The Flipside of Feminism: What Conservative Women Know -- and Men Can't Say

The Flipside of Feminism: What Conservative Women Know -- and Men Can't Say

by Suzanne Venker
2.8 16

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The Flipside of Feminism: What Conservative Women Know -- and Men Can't Say 2.8 out of 5 based on 0 ratings. 16 reviews.
Anonymous More than 1 year ago
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Anonymous More than 1 year ago
I tried to keep an open mind when reading this book. I actually do agree with some of the ideas put forth by the authors -- that there are fundamental differences between men and women, for example, or that children tend to benefit from a parent being home -- but unfortunately once the book described Fox News as "fair and balanced," I had a hard time taking it seriously. The authors make many claims that are not backed up by any sort of evidence, such as that "most American women are conservative." At other times, two sides of an argument are presented, and even though the situations are virtually identical, one is described as not deserving of any merit, and the other (that supports their view) as representative of women at large. The book's cited evidence is clearly heavily biased and not the most credible. The authors seek to convince the reader that women were best off as submissive partners who tamed their husbands' sexuality, and that pursuing an education or career is highly detrimental for females. They champion religion over rationalism, and claim that women are happiest and best suited to marry young, stay at home with their ubiquitous children, and learn to depend on a man for everything they may need financially or otherwise not directly related to childrearing. TL;DR: The book's few valid points are overshadowed by its disregard for logic and credible source material. It argues, essentially, that women are better off at home and pregnant than educated and self-sufficient, no matter their background or situation.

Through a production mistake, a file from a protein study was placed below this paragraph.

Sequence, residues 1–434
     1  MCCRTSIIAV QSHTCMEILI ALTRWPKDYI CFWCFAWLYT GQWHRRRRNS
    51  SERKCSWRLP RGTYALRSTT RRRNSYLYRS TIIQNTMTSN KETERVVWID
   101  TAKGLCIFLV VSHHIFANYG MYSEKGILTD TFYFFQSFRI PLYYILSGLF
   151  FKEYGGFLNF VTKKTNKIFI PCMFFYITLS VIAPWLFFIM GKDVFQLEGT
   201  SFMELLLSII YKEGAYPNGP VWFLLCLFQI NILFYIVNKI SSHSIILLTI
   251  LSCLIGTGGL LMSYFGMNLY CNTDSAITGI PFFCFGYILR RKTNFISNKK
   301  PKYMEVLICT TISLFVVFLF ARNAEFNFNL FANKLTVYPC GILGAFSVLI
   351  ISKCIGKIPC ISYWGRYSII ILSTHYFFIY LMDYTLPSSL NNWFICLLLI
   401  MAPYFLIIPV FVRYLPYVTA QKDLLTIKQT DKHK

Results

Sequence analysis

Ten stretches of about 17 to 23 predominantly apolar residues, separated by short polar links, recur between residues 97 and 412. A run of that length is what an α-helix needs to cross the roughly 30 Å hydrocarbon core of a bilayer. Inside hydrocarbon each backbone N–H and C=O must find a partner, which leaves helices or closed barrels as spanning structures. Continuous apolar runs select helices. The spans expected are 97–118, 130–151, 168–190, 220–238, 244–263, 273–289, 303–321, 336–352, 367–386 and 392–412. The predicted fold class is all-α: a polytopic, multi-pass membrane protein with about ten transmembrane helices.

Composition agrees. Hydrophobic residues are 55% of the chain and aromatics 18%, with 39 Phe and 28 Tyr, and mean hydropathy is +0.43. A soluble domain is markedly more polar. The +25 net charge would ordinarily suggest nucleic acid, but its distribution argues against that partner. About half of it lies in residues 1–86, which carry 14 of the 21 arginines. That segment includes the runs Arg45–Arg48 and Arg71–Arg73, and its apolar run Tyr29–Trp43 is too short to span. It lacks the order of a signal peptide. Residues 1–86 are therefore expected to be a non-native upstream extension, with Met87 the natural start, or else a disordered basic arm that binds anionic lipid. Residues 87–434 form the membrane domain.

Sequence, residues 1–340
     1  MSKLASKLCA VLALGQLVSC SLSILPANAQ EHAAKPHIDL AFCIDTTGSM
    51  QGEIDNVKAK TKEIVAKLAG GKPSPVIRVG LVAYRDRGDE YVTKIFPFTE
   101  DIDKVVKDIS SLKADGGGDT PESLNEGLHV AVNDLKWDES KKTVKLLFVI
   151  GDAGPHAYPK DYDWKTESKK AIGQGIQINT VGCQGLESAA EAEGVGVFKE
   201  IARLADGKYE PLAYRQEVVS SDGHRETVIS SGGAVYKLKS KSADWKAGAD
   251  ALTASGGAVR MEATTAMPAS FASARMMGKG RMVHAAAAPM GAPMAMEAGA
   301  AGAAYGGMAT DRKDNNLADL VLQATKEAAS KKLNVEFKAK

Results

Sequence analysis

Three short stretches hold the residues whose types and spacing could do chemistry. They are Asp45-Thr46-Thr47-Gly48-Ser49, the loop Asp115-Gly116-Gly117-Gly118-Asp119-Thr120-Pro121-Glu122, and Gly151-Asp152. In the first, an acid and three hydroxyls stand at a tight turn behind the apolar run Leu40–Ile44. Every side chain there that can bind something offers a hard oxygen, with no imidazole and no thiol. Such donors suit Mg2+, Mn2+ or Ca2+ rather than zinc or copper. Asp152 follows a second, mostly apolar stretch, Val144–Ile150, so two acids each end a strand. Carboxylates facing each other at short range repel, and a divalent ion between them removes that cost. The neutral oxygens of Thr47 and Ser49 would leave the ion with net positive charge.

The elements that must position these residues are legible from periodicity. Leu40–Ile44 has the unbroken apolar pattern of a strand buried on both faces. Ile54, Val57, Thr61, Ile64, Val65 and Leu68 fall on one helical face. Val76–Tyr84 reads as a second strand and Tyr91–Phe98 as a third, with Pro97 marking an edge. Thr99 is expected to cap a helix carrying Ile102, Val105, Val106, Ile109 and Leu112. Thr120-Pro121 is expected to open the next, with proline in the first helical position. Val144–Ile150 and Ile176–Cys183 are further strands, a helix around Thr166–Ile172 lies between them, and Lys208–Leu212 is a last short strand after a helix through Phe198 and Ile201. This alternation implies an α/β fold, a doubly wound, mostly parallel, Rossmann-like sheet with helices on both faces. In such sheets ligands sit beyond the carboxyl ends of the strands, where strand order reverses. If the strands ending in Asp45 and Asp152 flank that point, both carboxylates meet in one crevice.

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SynisterGrin More than 1 year ago
Great book
Anonymous More than 1 year ago
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Anonymous More than 1 year ago
Oh, yes, the 1950s were the Golden Age---NOT. Divorce was common, but alimony wasn't. Even with aneducation, women couldn't get a decent job (Sandra Day O'Connor had alaw degree and they wanted to hire her as a secretary; by the early 70s,I was intervewd for that job with a double master's). Such a wonderful life for women that half of therm were either swallowing Valium or too many martinis. For a reality check, read The Feminine Mystique. And I recall a coversation with an-stewardess Mommy who toldme men needed tomakemore than men because they weresuporting afamily. I pointed out that divorce and widoehood could leave any woman supporting afamily.
Anonymous More than 1 year ago
As a feminst myself I tried to go into this with an open mind. But it was awful. Written by railing conservatives witb a women shaming undertone. Dont read this. Not worth the headache, I see where the book was trying to go but it failed.
lizl25 More than 1 year ago
This book is so good at explaining why the rise of feminism is not truly about empowering women. I think all girls/women should read this. They don't tell you to sit at home and not do anything but they explain what women's God-given roles are and how feminism has ruined many women's/children's lives and perspectives have become warped.
LinyLK More than 1 year ago
This book exposes all the myths the feminist movement has crammed down women's throats these past 40 some odds years.
Anonymous More than 1 year ago
This book comes from no informed opinion, but rather a commentator type who likes to gain attention by ruffling feathers. At least that's what I'm hoping. I just can't believe that any woman with even limited access to history could believe this stuff is true. It's grossly inaccurate. And why are there two different taglines? "What smart women know" vs. "What conservative women know" - That right there proves my point these authors are riding the same wave as a shock-jock. They write about giving up a "posh lifestyle" when most families need two incomes just to pay the mortgage. I'm not sure what world these women are living in, but most of the middle class can't afford the luxury of a stay-at-home mom. Speaking of luxuries, what a luxury it is to be able to WRITE a book, huh ladies? There was a time not long ago that wouldn't have been allowed.
CranialTraveler More than 1 year ago
I felt the author held some harboring grudge over anyone slightly left, and made it clear from the start of the book. It felt very much like the author didn't even investigate on the other point of view. I couldn't stand reading anymore of this blatant ignorance.